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Effects of different explanation prompts on computer-supported collaborative learning in a case-based environment
Research on collaborative learning suggests the importance of discourse, particularly student-generated explanations, in successful collaboration. The purpose of this study was to evaluate the effectiveness of different explanation prompts in facilitating asynchronous computer-supported collaborative learning in a case-based environment. Students from two equivalent educational psychology courses were randomly assigned to three conditions: prompts for theory-based reasons, prompts for reasons, and control. Within each condition, students took a survey on demographics and need for cognition, then engaged in a week-long web-based discussion of a problem-based case assigned in small groups of three or four, and finally submitted online their individual analysis of the case as well as a self-report of their discussion experience. Content analysis of the case discussion indicated that students who received prompts for theory-based reasons before posting messages had more claims supported by theories, though occasionally with errors, and fewer claims without support or with poor non-theory-based support than those who received prompts for reasons only or no prompt. However, students across all conditions engage mostly in shallow collaboration by sharing ideas with little effort to integrate different perspectives. Higher need for cognition was somewhat related to more acknowledgment of multiple perspectives. The treatment conditions were not significantly related to case analysis quality, either. Though more students in the condition with prompts for theory-based reasons referred to relevant theories, case analyses generally lacked critical thinking. Most students focused on presenting implementation plans and some evidence for their proposed solutions to the case problem, with little consideration of alternatives or critical evaluation of different solutions. Qualitative results based on student self-reports suggested both treatment groups perceived generally more learning gains from the discussion than the control group. Limitations of the research are discussed. Findings have implications for pre-service teacher training and facilitation of computer-supported collaborative learning. Future research is still needed to further clarify the role that discourse plays in learning from collaboration.^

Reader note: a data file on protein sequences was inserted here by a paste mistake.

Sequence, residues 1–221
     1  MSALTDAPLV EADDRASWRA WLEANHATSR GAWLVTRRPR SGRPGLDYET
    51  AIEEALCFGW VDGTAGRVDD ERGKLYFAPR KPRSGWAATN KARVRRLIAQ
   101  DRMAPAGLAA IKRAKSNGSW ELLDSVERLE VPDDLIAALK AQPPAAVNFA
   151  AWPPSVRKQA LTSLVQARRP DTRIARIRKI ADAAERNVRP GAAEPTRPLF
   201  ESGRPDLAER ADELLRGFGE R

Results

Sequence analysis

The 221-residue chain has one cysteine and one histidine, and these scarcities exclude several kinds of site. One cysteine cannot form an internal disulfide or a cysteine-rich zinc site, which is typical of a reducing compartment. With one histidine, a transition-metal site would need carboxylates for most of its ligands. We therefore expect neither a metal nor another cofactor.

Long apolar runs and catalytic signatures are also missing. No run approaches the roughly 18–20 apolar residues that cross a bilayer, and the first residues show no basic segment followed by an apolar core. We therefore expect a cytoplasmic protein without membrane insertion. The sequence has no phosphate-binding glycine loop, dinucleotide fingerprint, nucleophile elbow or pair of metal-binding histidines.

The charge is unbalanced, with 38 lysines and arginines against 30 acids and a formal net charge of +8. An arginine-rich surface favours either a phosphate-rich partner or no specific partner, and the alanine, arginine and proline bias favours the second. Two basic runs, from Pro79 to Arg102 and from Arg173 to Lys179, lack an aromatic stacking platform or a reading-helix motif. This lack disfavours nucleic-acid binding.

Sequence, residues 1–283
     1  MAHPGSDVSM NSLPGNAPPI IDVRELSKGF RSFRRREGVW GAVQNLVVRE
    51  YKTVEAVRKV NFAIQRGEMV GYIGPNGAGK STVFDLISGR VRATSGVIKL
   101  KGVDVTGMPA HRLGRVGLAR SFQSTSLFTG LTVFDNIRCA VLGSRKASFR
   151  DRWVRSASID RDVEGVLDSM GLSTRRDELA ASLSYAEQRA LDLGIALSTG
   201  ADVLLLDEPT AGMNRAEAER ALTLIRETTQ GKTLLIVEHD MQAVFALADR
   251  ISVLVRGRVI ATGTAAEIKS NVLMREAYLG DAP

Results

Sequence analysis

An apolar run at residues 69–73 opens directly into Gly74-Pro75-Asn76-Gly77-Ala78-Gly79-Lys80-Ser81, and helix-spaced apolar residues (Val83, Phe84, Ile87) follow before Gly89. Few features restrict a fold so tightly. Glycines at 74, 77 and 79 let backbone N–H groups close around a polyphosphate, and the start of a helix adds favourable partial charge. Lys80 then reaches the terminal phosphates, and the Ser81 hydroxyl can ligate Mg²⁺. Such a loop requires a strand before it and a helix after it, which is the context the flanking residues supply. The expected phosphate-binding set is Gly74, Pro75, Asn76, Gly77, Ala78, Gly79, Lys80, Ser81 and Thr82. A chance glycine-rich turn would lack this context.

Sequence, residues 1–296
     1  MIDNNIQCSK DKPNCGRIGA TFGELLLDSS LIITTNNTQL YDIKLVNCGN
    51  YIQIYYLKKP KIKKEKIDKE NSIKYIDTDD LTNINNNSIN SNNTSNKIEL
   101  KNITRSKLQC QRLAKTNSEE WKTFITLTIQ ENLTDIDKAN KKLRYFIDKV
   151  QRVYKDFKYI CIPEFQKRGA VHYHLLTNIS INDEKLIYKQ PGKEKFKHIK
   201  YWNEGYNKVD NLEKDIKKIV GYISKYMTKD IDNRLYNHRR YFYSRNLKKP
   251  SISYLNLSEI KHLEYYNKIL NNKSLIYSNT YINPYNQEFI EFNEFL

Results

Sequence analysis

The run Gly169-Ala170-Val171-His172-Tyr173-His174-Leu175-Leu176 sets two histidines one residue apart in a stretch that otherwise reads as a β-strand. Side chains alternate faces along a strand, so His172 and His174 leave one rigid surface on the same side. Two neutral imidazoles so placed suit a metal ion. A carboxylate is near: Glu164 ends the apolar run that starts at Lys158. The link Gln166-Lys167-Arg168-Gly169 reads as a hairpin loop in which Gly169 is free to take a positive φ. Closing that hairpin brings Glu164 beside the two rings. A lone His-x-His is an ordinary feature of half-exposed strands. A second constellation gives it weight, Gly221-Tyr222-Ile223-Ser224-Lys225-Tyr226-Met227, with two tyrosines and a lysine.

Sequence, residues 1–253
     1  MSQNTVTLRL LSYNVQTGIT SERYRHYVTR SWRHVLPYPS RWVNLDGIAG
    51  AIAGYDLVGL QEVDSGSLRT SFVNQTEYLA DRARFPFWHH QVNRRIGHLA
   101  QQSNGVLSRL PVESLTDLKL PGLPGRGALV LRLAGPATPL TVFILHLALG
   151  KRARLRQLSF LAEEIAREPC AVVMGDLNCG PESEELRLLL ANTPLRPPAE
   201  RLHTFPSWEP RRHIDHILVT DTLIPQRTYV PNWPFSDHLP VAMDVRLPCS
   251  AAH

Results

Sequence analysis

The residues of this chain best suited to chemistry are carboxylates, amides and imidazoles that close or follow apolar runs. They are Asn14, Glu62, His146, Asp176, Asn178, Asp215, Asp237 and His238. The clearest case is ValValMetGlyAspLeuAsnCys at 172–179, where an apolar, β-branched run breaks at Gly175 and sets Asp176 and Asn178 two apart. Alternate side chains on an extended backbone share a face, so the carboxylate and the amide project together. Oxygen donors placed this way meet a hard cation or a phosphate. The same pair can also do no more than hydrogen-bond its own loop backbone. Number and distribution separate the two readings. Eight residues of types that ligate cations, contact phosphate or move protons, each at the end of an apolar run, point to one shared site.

Education, Educational Psychology|Education, Technology of
"Effects of different explanation prompts on computer-supported collaborative learning in a case-based environment"
(January 1, 2006).
ETD collection for University of Nebraska - Lincoln.